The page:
Correction to This Article
The Feb. 3 Diplomatic Dispatches column misstated the title of Rebecca Garang, the widow of former Sudanese rebel leader John Garang. She is the minister of roads and transportation in the southern Sudanese government.

A Partner in the Sudanese Struggle Turns Her Sights to Fulfilling Peace

Rebecca Garang, Sudan's transportation minister, is the widow of John Garang, the former rebel who negotiated peace deal.
Rebecca Garang, Sudan's transportation minister, is the widow of John Garang, the former rebel who negotiated peace deal. (By Ricky Carioti -- The Washington Post)
By Nora Boustany
Friday, February 3, 2006

Now that her "lion" is gone, Rebecca Garang will roar from his graveside until his dream of a unified Sudan is truly fulfilled. The wife of John Garang , the longtime Sudanese rebel leader who died in a helicopter crash last summer, has turned her grief into action and made the transition from guerrilla figure to stateswoman.

"I cannot get my husband back," she said, "but I have to hold on to my people."

John Garang, a charismatic and well-known figure, commanded the Sudan People's Liberation Movement during a 21-year civil war between the largely Christian and animist south and the Islamic government in the north. The fighting left 2 million people dead, most through war-induced famine. Millions more were displaced.

A peace accord signed last year ended the war and gave the southern part of the country religious and political autonomy, as well as a share of the national oil wealth. As part of the deal, John Garang was sworn in as Sudan's first vice president, the second-most-powerful post in the government.

Just three weeks later, as he was about to glimpse the rewards of his long fight and tough rounds of negotiations, he was killed.

"The day I buried my husband, I said: 'The lion is dead and we will see what the lioness will do,' " Rebecca Garang said.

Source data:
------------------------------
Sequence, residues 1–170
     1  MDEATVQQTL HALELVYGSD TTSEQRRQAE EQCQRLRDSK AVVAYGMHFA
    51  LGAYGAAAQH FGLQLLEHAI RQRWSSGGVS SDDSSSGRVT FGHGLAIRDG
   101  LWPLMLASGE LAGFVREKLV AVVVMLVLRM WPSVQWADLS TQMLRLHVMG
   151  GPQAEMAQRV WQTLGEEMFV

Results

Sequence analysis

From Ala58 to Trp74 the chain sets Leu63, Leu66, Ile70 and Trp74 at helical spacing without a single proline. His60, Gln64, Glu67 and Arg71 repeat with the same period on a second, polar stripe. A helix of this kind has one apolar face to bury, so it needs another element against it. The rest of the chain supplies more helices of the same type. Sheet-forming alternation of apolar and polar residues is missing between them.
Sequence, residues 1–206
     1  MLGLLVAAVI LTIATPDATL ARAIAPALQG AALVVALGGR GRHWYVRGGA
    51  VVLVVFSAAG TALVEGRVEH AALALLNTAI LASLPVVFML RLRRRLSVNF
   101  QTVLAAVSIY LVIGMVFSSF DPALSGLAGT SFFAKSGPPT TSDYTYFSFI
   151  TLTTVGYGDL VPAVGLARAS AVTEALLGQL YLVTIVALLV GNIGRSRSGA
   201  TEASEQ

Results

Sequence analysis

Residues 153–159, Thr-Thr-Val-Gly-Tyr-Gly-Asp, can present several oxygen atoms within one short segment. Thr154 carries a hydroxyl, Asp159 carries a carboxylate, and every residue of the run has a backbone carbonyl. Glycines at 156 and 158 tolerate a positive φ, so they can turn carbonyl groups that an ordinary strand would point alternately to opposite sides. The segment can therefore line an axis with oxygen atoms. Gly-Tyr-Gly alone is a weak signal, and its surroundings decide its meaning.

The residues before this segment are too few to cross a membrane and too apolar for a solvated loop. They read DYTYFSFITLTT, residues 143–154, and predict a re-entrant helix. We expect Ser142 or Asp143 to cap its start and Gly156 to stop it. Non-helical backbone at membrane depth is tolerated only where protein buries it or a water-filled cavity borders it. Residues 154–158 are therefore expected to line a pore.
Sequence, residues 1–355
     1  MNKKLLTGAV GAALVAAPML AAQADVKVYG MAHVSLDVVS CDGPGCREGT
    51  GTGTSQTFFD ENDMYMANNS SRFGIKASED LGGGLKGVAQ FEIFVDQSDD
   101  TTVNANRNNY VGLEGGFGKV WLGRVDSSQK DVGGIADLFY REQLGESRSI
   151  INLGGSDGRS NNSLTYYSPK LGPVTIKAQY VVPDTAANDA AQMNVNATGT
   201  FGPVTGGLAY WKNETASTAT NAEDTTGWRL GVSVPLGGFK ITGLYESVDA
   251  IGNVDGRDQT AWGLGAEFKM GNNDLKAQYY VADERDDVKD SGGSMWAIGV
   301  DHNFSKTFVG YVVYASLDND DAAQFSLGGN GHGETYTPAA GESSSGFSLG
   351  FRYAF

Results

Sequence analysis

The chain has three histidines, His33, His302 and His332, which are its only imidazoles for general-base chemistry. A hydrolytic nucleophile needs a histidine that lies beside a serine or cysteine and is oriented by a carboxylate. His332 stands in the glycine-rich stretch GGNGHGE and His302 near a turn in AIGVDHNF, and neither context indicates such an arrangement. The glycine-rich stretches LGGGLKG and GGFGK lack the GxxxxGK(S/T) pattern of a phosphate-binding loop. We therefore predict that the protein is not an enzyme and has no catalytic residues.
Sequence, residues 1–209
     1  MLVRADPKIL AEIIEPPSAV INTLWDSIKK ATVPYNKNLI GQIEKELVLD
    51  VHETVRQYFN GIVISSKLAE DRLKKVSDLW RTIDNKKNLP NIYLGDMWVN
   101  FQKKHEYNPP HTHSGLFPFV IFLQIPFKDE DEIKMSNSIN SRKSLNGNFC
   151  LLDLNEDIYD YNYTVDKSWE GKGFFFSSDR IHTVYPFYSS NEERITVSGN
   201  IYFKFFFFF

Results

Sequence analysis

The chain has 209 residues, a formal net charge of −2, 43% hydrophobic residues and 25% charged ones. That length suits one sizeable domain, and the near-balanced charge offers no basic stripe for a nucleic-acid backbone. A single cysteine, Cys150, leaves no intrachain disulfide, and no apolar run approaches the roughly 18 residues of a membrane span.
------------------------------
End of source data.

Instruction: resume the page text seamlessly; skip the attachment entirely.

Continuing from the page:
She came to Washington this week to remind the world of the continuing difficulties her people face and to seek development aid for the long-neglected region.

"My husband and I were partners in struggle," she told the audience at an overflowing auditorium at the Woodrow Wilson International Center for Scholars on Wednesday. "We were partners in peace and we were going to be partners in development."

Last summer, she had driven to a small airport in New Site, John Garang's base village in southern Sudan, with a couple of soldiers to meet Garang, said Aluat Atem , a friend of the family's. When he did not show up, she returned to their compound and anxiously told her companions she knew he was never coming back.

That night, she was told that her husband was dead, Atem recalled.

"She cried and cried and said: 'My husband has become a Moses. Where is Joshua, who will be the Joshua to save our people?' "

Rebecca Garang constantly speaks about her husband and tells her staff that he is guiding her. When she goes to a meeting, she says: "I will go with Dr. Garang, he is with me, near me, helping me," Atem said.

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